Take heed when winter thaws are in the forecast
There seems to be a common thread a year after flooding in western Newfoundland that destroyed property and alerted people to global warming and incidents that can be brought on by it.
There are those in denial of such incidents but a mid-winter thaw last year that brought high levels of water rushing down through valleys caused destruction that was familiar in some areas but not in others.
But the common thread is that although some areas suffered flooding in the past, it was nothing like what occurred on Jan. 14 of 2018.
Talk to people who were there when it happened and they’ll tell you that despite seeing flooding before, they never saw the likes of what took place on that day.
It was a first for Jakeman All-Grade School in Trout River in Gros Morne National Park where the racing waters came within feet of scooping up the school had it not been for the quick action of contractors that were brought in to help and build up a bank behind the school.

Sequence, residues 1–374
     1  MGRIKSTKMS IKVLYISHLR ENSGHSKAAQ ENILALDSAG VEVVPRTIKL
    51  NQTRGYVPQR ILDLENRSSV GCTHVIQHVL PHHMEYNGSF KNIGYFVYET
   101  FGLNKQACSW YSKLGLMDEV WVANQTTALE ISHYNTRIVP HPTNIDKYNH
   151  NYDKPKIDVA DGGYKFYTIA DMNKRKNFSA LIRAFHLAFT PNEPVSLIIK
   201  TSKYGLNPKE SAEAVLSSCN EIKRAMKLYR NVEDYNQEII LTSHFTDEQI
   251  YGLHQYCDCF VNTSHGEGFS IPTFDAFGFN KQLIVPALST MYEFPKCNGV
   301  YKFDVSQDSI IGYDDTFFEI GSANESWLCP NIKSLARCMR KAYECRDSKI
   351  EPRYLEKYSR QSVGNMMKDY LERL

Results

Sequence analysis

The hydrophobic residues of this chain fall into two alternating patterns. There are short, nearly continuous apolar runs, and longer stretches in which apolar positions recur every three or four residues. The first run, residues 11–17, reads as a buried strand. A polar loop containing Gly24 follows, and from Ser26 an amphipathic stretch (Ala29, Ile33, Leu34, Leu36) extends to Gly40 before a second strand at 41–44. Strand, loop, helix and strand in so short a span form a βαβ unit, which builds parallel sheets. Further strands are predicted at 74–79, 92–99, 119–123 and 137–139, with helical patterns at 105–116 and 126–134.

In Noel’s Pond near Stephenville, the scene was not the same, as a local farm family lost a lot of property that was used for hay and local berry crops.
In Port au Port East there were people who had driveways destroyed by the high waters but fortunately the town council was quick to act and the Department of Transportation and Works came in to help but there were some who had to spend their own money for repairs.
There were millions of dollars of damage in flooding at the same time in the Corner Brook area that required extensive repairs.
As mentioned, the common thread is that while some of these areas received assistance from the provincial government for repairs, there is still the fact that no matter what the damages, people still have the fear that flooding in these locations will occur again.
Yes, you can have engineers come in and assess the damages and recommend what needs to be done and for the best part they are correct — these properties are safe to return to.
However, there are many that have been flooded in the past and will likely to be flooded again, especially with ever changing weather patterns. There was a time when winter was winter, and a freeze up occurred at a certain time between November and December and usually lasted until late February or into March.
Such is not the case anymore and as seen last year, thaws can occur in the middle of winter like it did in mid-January. Nobody is hoping for a recurrence of that but if its in the forecast, people should be aware and be prepared for it.
There are usually warnings of it coming and people need to take heed.